Lamborghini has sliced the roof off its hybrid V12 hypercar, with the Sián Roadster offering another supercapacitor-powered option. Based on the striking Sián coupe unveiled last year, this open-top version sticks offers 819 horsepower and promises 0-62 mph in under 2.9 seconds.
Top speed is in excess of 217 mph, Lamborghini promises. However it’s not just about pure figures on paper: it’s also about how that power is delivered to the road, and there the V12 hybrid system comes in.
On the one hand there’s a twelve cylinder gas engine positioned right behind the driver and passenger. A 48-volt electric motor is incorporated into the transmission: it’s powered using a supercapacitor rather than the more commonplace lithium-ion battery. That’s located in the bulkhead between the cabin and the V12 engine.
The upside to using a supercapacitor is power density and weight. It can store ten times the power of a lithium-ion battery, and in the Sián Roadster specifically is three times more powerful than a battery of the same weight, or three times lighter than a battery of the same power. Overall, both supercapacitor and e-motor add under 75 pounds to the overall weight of the car.
While it only contributes 34 horsepower on its own, Lamborghini is making maximum use of the e-motor’s presence. For a start, it’s called into use for low-speed maneuvering, such as when reversing or parking. During gear changes, meanwhile, the e-motor is used to smooth over the momentary dip in torque as the mechanical gearbox switches ratios.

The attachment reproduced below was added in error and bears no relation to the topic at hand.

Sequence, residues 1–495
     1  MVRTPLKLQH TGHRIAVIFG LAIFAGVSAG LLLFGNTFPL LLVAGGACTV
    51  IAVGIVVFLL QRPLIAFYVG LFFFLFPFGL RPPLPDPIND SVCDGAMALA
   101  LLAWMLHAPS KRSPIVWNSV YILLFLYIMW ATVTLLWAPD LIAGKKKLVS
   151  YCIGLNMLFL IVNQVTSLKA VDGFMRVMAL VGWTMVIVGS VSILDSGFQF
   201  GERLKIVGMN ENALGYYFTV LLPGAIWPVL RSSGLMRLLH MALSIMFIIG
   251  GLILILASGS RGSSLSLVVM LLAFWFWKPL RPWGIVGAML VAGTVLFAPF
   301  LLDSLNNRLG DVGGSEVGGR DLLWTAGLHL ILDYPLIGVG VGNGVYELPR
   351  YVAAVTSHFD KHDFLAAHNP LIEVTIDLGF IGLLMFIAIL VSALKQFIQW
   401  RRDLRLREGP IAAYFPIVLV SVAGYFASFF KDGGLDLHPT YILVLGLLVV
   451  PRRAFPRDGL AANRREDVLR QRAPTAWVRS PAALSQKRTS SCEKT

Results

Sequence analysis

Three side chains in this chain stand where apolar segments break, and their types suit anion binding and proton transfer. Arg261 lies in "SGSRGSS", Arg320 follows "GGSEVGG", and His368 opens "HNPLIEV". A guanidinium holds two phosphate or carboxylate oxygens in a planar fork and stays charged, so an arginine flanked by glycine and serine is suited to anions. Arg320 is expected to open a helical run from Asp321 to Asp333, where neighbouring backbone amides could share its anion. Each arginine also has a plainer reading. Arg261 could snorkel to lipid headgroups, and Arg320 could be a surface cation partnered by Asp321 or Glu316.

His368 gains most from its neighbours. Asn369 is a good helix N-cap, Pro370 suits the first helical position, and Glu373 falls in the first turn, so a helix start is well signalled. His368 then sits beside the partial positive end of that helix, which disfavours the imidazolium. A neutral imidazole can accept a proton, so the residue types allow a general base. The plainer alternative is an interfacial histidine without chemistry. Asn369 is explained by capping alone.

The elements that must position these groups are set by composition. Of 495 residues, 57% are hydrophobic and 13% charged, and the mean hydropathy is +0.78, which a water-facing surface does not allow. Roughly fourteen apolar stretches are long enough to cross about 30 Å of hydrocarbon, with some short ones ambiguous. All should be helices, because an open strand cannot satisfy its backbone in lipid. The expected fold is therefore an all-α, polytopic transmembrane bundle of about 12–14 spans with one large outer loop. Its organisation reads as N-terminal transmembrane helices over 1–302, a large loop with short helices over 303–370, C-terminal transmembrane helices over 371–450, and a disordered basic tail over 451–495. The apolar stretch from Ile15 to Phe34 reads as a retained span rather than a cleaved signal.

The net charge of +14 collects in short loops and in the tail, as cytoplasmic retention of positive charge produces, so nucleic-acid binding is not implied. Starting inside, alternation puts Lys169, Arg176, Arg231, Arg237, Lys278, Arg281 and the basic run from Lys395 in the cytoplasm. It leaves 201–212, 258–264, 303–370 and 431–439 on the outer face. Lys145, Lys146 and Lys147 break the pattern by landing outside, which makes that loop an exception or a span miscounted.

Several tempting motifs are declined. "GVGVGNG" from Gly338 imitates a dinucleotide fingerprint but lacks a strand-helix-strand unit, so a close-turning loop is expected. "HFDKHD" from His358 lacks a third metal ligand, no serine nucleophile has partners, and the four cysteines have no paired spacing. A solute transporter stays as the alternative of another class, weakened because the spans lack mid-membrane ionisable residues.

Instead, Lamborghini promises, there’ll just be the sensation of smooth, seamless acceleration. No jolts or jerks.
When braking, there’s a regenerative power system designed specially for the car. Since the supercapacitor can be charged and discharged at the same rate – unlike a li-ion battery – it can effectively be fully charged every time the Roadster brakes, Lamborghini says. That power is then instantly available as a power boost for accelerating. From just over 80 mph the e-motor automatically disconnects, which the automaker says improves elasticity.
Outwardly, there’s no mistaking the Sián Roadster for anything less than something special. Lamborghini looked to styling cues from the original Countach, for example, in how the lines running from the cockpit to the rear are poised; bold Y-shaped headlamps distinguish the front, complete with an integrated carbon fiber splitter.
There’s no aero fakery here: everything is designed with real aerodynamics in mind. That includes how airflow is directed through the front splitters, and through the hood, along the side intakes, and outlets, and then over the rear spoiler. Smart-material elements are used for the rear active cooling vanes, which rotate into position when the exhaust temperature is sufficiently high.
The Countach again inspires the rear, with six hexagonal taillamps. As for the sizable rear wing, it extends out of the bodywork when required.
Inside, there’s no hood mechanism to worry about, because the Sián Roadster doesn’t have a roof at all. Lamborghini has used things like 3D printing for the air vents, along with lashings of leather, Alcantara, and carbon fiber.
Buyers will get to customize both the exterior and interior finishes completely, something which won’t be quite as time-consuming as you might suspect since Lamborghini is only making 19 of the cars. All have been sold already, leaving the rest of us to look on enviously from the side of the road.